Now, as has been discussed ad nauseum, Magglio managed to trigger his massive $18 million option for the 2010 season. At this stage of his career, at the tail end of a big contract, he is simply not worth that kind of money.
But might he make sense for the Mets?
Although his struggles last year were highly publicized, Magglio ended the year with a very respectable line of .310/.376/.428 with only 9 home runs. His career line is very similar in average and on-base, but his career slugging percentage is .513, and he hit 24, 28, and 21 home runs in the previous three years.
Even better, after struggling uncharacteristically in the first half, he hit above his career averages in the second half, destroying up the American League at a .375/.438/.540 pace.
As for 2010, Magglio has a projected (as per Bill James) line of .311/.376/.476 with 17 home runs. In addition, he played 104 games in right field last season and posted a -2.8 UZR according to fangraphs -- not bad at all. The previous two years he posted ratings of 15.4 and -5.6.
He will play the entirety of next year at age 36. It is not unreasonable to believe that he can reach, or even exceed, that projected line. If he met the projection, he would be worth approximately $14 million next year.
So why does this make sense for the Mets? Because the Tigers are trying to dump salary. Per the New York Post:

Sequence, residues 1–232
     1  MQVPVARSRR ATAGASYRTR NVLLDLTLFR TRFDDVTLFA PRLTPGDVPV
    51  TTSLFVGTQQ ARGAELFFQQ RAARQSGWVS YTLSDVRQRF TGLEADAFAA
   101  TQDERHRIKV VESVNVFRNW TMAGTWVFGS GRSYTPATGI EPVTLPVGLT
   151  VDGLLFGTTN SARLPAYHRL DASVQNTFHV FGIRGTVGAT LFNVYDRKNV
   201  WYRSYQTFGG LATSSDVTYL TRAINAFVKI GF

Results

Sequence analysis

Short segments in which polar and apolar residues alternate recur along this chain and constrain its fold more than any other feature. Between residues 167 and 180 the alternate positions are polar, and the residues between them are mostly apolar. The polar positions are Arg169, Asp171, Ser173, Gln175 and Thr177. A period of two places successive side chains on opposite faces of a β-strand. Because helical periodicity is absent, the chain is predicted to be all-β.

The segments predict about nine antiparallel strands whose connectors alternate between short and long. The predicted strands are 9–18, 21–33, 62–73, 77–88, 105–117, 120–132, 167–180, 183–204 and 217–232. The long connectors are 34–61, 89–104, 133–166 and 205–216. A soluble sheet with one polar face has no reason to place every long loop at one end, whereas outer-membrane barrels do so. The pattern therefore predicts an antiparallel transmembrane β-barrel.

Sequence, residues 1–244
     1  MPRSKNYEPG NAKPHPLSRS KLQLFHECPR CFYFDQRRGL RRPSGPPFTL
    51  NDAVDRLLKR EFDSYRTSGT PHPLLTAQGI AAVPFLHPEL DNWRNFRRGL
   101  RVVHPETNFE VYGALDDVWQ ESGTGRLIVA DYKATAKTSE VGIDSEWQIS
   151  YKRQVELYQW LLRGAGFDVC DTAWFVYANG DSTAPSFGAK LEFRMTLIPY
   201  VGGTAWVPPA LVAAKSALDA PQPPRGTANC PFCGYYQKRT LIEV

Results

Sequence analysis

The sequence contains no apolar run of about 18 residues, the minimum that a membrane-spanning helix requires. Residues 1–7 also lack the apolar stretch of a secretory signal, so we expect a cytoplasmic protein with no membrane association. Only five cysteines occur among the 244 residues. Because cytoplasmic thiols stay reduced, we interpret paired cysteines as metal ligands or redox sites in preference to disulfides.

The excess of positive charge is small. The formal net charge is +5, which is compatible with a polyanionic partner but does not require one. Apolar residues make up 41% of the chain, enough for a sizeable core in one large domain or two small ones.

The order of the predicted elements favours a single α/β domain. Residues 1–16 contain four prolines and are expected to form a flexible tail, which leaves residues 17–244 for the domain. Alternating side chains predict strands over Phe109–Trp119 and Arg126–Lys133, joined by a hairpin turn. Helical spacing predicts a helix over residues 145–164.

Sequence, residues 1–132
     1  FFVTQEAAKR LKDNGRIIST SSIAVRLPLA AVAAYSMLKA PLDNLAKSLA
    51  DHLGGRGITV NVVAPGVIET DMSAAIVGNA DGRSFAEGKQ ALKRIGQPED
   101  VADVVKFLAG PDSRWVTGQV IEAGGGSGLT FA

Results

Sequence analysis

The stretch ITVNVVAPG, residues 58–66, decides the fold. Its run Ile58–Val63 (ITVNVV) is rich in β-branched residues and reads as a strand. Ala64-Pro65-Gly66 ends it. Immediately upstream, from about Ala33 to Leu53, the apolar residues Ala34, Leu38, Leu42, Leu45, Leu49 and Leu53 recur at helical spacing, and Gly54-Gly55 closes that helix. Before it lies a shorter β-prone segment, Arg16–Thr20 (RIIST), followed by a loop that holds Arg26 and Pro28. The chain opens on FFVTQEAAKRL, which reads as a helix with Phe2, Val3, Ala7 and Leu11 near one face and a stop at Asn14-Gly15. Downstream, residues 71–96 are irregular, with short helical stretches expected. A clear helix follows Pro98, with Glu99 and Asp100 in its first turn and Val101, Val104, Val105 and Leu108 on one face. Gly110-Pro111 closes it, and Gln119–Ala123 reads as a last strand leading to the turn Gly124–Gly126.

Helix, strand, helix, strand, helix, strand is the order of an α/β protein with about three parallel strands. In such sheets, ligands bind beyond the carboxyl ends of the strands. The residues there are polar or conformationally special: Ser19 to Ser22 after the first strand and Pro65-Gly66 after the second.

In a cost-cutting frame of mind, the Tigers have let teams now that Curtis Granderson could be had for the right package, an NL executive told The Post.
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But the Tigers are supporting a top payroll in one of the cities hit hardest by the economic downturn, and they have many long-term commitments to players who are just about untradeable, including Magglio Ordonez
If the Tigers are trying to dump salary, and they are out of it next year, then they would LOVE to shed Magglio's contract. They would much prefer to hold on to young talent who could concievably be around for the next good Tigers team, like Granderson or Edwin Jackson.
So instead of signing Matt Holliday for $18-$20 million per season for six years, the Mets could bolster their lineup by acquiring Magglio in a straight salary dump. We'd have a VERY good hitter, have to give up almost nothing, and have a financial commitment of only one or two seasons. This all depends on the state of the Tigers, but the teams match up perfectly.
In my outside the box plan, the Mets would take on Magglio's contract in a manner similar to when Manny Ramirez was available through waivers several years ago from the Red Sox. Then, they could non-tender Francoeur, move him to left field, or trade him for something that we could really use. If we were to non-tender him, the cost of Magglio's contract would net out to something like $13 million.
I'd say it's worth kicking the tires.
 According to Cot's Contracts, Magglio has the same vesting option for 2011 -- that is, if he reached 135 starts or 540 PA's, that his contract will trigger again for another $18 million. Let's assume for now, however, that we can avoid that by resting him continually throughout the year.
 In comparison, Jeff Francoeur rated as a -6.1 last season.